Today’s review for The Old Schoolhouse is 25 Truths: Life Principles of the Happiest and Most Successful Among Us from Ed Douglas Publications.
Ed Douglas is a father, businessman, husband, and coach, and has used his experience to put together this motivational book.
The section for each “truth” starts with a quotation, some from the Bible, some not. Then the author gives a specific example for that truth, usually 2-3 pages long. The truth is then summed up in a sentence or two, and you’ll find 4-5 questions to promote discussion and further examination.
25 Truths is intended for kids from grades 6-12. My son is entering 6th grade, but I felt that some of the things mentioned were beyond what he needed to hear or could understand. However, my son is only eleven, and he has Asperger’s Syndrome (which means that while he’s very intelligent, he’s not as mature as most kids his age), so a “typical” sixth grader may be different.
I would typically read this at night when we settled down and had our usual Bible and devotional time. When I say that the book is intended for kids 12-18, I really mean it. My 5-year-old, who was pretty much stuck in the room with us, didn’t follow any of the anecdotes. They were just too long for him. I was able to pare it down so he could understand, for the most part, but he is just much younger than the intended audience.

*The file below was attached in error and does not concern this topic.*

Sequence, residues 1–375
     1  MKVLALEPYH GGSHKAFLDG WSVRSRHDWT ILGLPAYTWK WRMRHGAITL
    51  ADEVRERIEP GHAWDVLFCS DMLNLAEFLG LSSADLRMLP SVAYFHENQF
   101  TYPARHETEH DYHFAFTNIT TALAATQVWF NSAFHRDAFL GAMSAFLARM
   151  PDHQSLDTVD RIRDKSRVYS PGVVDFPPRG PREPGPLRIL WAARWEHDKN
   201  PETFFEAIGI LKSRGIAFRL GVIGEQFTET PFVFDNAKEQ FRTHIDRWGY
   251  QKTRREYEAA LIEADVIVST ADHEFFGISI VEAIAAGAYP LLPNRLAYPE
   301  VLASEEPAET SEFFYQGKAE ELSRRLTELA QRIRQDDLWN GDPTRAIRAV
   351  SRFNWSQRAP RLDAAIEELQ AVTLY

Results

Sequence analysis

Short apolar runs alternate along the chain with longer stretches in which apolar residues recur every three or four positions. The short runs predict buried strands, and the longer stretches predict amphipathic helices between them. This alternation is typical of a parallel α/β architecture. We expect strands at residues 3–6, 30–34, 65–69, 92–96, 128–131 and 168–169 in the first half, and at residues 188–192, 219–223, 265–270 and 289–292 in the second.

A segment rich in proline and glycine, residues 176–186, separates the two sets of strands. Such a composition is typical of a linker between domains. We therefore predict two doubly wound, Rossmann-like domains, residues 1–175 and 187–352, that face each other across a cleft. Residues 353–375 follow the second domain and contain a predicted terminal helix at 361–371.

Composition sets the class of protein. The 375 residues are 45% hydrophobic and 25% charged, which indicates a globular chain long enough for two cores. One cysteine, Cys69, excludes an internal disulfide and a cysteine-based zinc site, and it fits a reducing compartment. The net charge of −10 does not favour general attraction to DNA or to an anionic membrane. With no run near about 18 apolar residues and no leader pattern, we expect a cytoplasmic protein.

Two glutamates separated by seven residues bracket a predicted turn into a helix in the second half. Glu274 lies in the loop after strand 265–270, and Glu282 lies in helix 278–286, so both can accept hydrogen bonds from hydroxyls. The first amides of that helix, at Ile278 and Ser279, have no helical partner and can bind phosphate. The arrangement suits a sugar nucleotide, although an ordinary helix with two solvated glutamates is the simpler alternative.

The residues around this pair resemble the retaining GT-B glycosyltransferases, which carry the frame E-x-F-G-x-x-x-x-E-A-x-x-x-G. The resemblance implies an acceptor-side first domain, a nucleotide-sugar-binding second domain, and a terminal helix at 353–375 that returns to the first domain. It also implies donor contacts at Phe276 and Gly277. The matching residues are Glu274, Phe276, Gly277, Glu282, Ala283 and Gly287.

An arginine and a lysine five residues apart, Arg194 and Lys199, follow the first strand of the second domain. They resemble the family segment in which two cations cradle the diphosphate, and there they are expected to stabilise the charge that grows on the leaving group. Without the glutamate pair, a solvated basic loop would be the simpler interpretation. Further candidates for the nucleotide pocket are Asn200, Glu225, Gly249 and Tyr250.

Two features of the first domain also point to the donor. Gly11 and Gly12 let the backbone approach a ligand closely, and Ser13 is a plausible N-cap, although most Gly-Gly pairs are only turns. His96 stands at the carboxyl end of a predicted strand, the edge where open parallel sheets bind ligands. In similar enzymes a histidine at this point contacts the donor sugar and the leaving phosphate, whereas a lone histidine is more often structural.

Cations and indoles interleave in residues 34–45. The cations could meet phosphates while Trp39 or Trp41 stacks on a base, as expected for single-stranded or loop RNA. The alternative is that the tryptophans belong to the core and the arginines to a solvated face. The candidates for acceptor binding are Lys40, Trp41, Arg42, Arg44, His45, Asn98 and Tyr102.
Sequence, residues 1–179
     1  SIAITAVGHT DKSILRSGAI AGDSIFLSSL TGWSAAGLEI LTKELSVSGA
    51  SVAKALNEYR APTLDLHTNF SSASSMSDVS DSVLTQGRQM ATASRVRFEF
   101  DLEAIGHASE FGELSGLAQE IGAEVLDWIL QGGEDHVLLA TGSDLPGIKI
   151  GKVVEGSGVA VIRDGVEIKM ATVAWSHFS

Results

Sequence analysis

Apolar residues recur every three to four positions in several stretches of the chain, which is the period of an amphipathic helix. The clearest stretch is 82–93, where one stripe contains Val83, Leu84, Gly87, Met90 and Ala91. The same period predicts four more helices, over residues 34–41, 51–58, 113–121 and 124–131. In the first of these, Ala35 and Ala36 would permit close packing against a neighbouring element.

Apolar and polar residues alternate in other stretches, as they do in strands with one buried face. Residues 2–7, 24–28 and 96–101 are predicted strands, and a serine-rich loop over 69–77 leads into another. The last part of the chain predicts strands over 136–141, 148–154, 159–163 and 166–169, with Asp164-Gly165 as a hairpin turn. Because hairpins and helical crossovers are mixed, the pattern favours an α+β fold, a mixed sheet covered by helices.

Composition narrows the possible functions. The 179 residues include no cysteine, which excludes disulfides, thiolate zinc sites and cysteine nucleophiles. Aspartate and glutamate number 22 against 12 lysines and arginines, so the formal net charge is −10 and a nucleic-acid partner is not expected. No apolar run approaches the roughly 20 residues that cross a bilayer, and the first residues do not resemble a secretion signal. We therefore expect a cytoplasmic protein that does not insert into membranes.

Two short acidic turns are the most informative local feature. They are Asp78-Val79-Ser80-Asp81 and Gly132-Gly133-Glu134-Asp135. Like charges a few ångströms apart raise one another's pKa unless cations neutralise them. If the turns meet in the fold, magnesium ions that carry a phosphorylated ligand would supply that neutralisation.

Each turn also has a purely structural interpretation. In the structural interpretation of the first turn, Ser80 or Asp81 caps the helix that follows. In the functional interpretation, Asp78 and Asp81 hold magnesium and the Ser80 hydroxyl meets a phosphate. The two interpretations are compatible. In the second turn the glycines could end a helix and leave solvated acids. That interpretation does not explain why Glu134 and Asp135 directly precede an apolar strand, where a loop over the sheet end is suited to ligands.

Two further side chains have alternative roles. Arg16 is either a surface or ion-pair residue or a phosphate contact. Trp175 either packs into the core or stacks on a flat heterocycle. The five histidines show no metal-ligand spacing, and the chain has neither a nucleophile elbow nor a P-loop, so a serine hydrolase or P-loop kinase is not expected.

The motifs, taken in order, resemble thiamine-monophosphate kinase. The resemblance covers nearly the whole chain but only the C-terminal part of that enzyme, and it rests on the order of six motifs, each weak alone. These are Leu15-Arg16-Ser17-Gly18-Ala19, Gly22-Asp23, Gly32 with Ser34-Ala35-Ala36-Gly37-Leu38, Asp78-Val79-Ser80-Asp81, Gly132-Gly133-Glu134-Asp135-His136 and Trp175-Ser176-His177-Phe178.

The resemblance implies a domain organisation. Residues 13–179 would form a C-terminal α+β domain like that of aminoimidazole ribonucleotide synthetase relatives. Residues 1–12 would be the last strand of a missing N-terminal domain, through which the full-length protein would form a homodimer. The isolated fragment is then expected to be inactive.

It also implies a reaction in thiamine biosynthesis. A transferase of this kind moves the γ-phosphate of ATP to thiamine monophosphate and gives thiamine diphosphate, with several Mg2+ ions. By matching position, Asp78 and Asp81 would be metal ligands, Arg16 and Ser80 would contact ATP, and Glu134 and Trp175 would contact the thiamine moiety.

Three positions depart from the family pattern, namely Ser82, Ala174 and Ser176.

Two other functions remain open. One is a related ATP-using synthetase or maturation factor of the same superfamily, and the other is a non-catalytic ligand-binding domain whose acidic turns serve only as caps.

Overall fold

Some of the things that I felt (or noticed) were beyond my 11-year-old included
- mentions of extramarital affairs and infidelity (He’s asked me what cheating is on other occasions; I’ve told him that it means having sex with one person when you’re married to another. I try to talk plainly to him without overwhelming him with information. He said, “Okay,” and moved on, but I think it’s a little more than he can comprehend at this point.)
- mention of The Shack in the section on forgiveness, in which “a man’s young daughter is abducted and viciously assaulted and killed during a family vacation.” There is no way I could read this to my kids. My 11yo would have nightmares for a week and probably have an anxiety attack worrying about something similar happening to someone he knows.
I just skipped over the parts that I thought would be an issue for him. For the most part, I think that the book is very well done and can be utilized to open a dialogue between parents and teens about important issues. Even with younger children, I was able to adapt it to our needs.
How to get it